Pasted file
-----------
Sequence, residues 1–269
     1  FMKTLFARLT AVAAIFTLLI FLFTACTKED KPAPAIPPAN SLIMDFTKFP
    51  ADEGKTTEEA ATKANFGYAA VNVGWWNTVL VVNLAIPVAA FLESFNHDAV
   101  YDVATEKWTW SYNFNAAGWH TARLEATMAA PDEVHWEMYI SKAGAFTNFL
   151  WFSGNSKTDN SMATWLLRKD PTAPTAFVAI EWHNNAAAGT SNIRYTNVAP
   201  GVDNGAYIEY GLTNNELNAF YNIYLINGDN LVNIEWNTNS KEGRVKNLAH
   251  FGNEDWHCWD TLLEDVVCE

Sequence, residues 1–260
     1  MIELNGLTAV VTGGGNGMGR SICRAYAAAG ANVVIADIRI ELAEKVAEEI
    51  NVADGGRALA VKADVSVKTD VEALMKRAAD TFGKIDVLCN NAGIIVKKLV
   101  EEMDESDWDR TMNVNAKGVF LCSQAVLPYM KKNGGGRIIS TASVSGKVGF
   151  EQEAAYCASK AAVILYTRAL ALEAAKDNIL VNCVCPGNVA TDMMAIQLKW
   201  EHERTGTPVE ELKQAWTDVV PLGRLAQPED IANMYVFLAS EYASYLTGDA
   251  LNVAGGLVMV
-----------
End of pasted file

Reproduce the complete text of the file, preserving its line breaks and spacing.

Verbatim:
Sequence, residues 1–269
     1  FMKTLFARLT AVAAIFTLLI FLFTACTKED KPAPAIPPAN SLIMDFTKFP
    51  ADEGKTTEEA ATKANFGYAA VNVGWWNTVL VVNLAIPVAA FLESFNHDAV
   101  YDVATEKWTW SYNFNAAGWH TARLEATMAA PDEVHWEMYI SKAGAFTNFL
   151  WFSGNSKTDN SMATWLLRKD PTAPTAFVAI EWHNNAAAGT SNIRYTNVAP
   201  GVDNGAYIEY GLTNNELNAF YNIYLINGDN LVNIEWNTNS KEGRVKNLAH
   251  FGNEDWHCWD TLLEDVVCE

Sequence, residues 1–260
     1  MIELNGLTAV VTGGGNGMGR SICRAYAAAG ANVVIADIRI ELAEKVAEEI
    51  NVADGGRALA VKADVSVKTD VEALMKRAAD TFGKIDVLCN NAGIIVKKLV
   101  EEMDESDWDR TMNVNAKGVF LCSQAVLPYM KKNGGGRIIS TASVSGKVGF
   151  EQEAAYCASK AAVILYTRAL ALEAAKDNIL VNCVCPGNVA TDMMAIQLKW
   201  EHERTGTPVE ELKQAWTDVV PLGRLAQPED IANMYVFLAS EYASYLTGDA
   251  LNVAGGLVMV